Paris-French President Nicolas Sarkozy’s government came under increasing pressure Friday after Paris daily newspaper Le Monde said a judge had evidence that French secret services had illegally spied on a journalist to find out his sources.
The case involves Le Monde reporter Gerard Davet, and is linked to a scandal known as the Bettencourt affair, involving the finances of the L’Oreal cosmetics heiress, Liliane Bettencourt, and allegations of possibly illegal political donations to Sarkozy.
Le Monde, widely regarded as France’s newspaper of record, filed a legal complaint last year against Sarkozy’s administration for allegedly violating a 2010 law protecting journalistic sources as it sought to trace leaks relating to an inquiry into the scandal.
Le Monde said Thursday that the judge investigating the case, Sylvie Zimmerman, had obtained records from mobile phone company Orange that showed that the secret services, the DCRI (Direction Centrale du Renseignement Interieur) had asked for Davet’s phone records last July.
The records included details of all his incoming and outgoing calls, the time the calls were made and Davet’s location at the time.
Two days later, the DCRI made a second request, Le Monde said, this time for the telephone records of David Senat, a senior government official who was suspected of being Davet’s source within the administration.
Senat was subsequently removed from his post and sent to work on a mission in French Guiana, in South America.
The documents provided by Orange showed that the DCRI had looked first at the journalist’s confidential records to find his source, then at his contact’s records, Le Monde said — contradicting what the government had previously said.
Asked by French radio station France Info Thursday about the phone-tapping claims, interior minister Claude Gueant denied Davet’s phone had been tapped but acknowledged his phone records had been requested.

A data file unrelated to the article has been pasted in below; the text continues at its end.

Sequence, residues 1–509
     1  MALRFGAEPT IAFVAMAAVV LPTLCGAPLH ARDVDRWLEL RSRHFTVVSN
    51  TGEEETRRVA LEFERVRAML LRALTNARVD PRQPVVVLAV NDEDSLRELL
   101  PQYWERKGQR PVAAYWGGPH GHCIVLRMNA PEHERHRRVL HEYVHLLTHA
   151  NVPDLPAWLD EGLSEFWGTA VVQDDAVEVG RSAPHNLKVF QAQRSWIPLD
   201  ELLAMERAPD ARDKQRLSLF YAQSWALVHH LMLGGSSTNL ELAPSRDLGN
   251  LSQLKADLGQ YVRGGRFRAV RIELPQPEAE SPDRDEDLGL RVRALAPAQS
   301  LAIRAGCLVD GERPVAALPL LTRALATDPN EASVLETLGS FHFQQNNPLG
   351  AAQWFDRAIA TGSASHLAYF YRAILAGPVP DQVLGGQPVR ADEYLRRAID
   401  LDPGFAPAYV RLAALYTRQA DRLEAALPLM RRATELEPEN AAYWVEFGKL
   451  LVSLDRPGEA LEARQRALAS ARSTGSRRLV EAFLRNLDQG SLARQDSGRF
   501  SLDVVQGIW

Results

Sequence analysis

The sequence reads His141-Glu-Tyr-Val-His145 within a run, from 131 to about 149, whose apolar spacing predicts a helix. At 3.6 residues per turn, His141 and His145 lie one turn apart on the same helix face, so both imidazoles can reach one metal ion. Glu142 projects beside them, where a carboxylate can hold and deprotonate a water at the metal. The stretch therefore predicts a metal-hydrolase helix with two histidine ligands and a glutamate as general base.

“There was effectively a review of telephone communications which is totally different to phone tapping,” he said. “Reviewing telephone communications did not allow one to know the content of the conversation.”
Gueant said it had been a matter of looking for the person responsible for disclosing information while a judicial process was ongoing, a practice he labelled “totally scandalous.”
The office of Zimmerman, the judge investigating the case, said she would not comment to the media on the issue.
Le Monde said Friday that what has happened is “totally illegal” and in breach of the law protecting journalists’ sources and freedom of speech legislation.
But Eric Morain, a Paris-based French criminal lawyer, told CNN he believed the January 2010 law brought in to prevent research into a journalist’s sources was too general.
Morain said the requests to Orange for details of calls made and received appeared to be a way to “circumvent the law to obtain (the journalist’s) source.”
Referring to the Le Monde’s claims, he said: “One cannot say today that (what has been done) is illegal but I think in the spirit of the law, it should be illegal.”
The Bettencourt scandal has fascinated France since questions about the finances of Liliane Bettencourt, the elderly heir to the L’Oreal cosmetics empire and France’s richest woman, emerged last year amid a family feud.
Among the matters probed by investigators last summer were claims that secret, possibly illegal payments were made to French politicians, including Sarkozy, his labor minister Eric Woerth and members of his party — and Le Monde says it was Davet’s reporting of Woerth’s links to the case that prompted the examination of his phone records.
Responding to that claim last year, the Elysee Palace, the French equivalent of the White House, said: “The Elysee completely denies Le Monde’s charges and the presidency would like to make it clear that it never gave any order to any service.”